Consumers should have more accurate information with which to compare security software suites under a new set of software testing guidelines to be finalised early next year.

Last week, security vendors and software testing organisations agreed during a conference in Seoul to form the Anti-Malware Testing Working Group, which will determine how best to conduct behavioural tests of security software, said Andreas Marx, who works for, a German anti-virus software testing group.

Behavioural tests are time-consuming but important since the style of test replicates how PCs encounter malicious software on the Internet, such as through Trojan horse programs in email attachments or through browser exploits, Marx said.

Those tests are seen as superior to signature-based tests, in which the virus detection engine is run against a batch of thousands of malware samples. But signature tests do not cover other security technologies used to detect a threat, such as if a new program starts communicating with a remote server over the Internet.

"A very big part of the real world is missing," Marx said. "Most products are tested against a set of outdated viruses. In most cases, most AV products will pass these tests."

The co-operation between security vendors is notable, especially in the highly competitive security software industry. Vendors Panda, F-Secure, Sunbelt Software and Symantec are participating as well as and Virus Bulletin, another testing organisation based in Abingdon, England.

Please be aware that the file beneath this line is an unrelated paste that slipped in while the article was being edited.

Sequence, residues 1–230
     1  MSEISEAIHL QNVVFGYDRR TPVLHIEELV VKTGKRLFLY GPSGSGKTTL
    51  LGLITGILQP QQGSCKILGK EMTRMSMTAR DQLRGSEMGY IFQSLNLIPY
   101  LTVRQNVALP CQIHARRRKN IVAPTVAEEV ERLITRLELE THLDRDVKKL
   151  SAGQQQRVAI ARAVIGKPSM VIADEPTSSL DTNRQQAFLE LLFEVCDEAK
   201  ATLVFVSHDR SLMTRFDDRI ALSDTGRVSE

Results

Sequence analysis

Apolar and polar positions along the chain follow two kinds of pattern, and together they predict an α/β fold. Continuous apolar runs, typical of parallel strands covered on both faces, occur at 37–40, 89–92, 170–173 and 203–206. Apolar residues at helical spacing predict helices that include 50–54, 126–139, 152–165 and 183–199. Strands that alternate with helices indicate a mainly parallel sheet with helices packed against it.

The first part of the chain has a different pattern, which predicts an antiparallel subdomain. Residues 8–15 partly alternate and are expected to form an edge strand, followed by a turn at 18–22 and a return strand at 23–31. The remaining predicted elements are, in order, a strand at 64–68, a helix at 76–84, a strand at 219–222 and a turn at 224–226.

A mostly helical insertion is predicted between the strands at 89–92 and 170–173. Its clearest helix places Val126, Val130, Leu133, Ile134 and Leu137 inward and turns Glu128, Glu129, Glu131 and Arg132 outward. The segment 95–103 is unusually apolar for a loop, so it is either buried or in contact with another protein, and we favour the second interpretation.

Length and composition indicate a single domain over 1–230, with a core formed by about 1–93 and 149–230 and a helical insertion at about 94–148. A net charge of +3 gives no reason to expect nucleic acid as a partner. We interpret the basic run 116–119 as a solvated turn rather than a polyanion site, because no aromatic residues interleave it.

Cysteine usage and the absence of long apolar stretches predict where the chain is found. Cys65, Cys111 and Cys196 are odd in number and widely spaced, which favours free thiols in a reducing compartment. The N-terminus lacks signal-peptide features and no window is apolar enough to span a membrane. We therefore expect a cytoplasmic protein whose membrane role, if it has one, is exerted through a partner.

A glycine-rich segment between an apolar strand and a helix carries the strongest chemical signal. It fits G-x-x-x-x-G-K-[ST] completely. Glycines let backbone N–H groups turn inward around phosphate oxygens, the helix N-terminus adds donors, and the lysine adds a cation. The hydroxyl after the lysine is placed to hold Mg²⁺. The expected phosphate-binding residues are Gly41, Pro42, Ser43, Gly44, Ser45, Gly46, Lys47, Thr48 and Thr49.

Marx has written a draft of a behavioural testing scheme. Early next year, the Anti-Malware Testing Working Group will refine those guidelines for use by groups such as and Virus Bulletin. Use of the guidelines, however, will be voluntary.

Most vendors feel the new behavioural tests will more fully evaluate the different ways their products can provide protection to a PC. Security companies have often publicly argued over signature-based tests, with disputes centering around the age of the virus samples used.

Companies that fail a signature test often argue that the particular sample that caused them to fail was too old and not even commonly found on the Internet. Some security vendors will remove signatures in their products for older malicious software so PCs are not burdened with large signature databases.

The Anti-Malware Testing Working Group will also provide an unbiased forum for those disputes. Today, "there is little recourse," if a vendor fails a test and has an issue with the test's parameters, said Mark Kennedy, an anti-virus engineer with Symantec.

There is concern, however, that the behavioural tests may put too much a strain on testing groups, Marx said. Setting up real-world malicious software scenarios takes a lot more time, Marx said. Usually, a behavioural test is limited to around 50 current malware samples, he said.

However, testing organisations are in early discussions that could result in some cooperation in order to reduce that burden, he said.

Marx said recently conducted a first round of behavioural tests for PC World, a magazine owned by IDG.

The results shows that none of the eight products tested performed very well in behavioural tests due to the increasing sophistication of malware. Security companies have said their labs are having a hard time keeping up with the startling increase in the quantity of malware circulating on the Internet.

Marx said his lab alone receives between 2,000 and 2,500 different samples of malicious software per hour.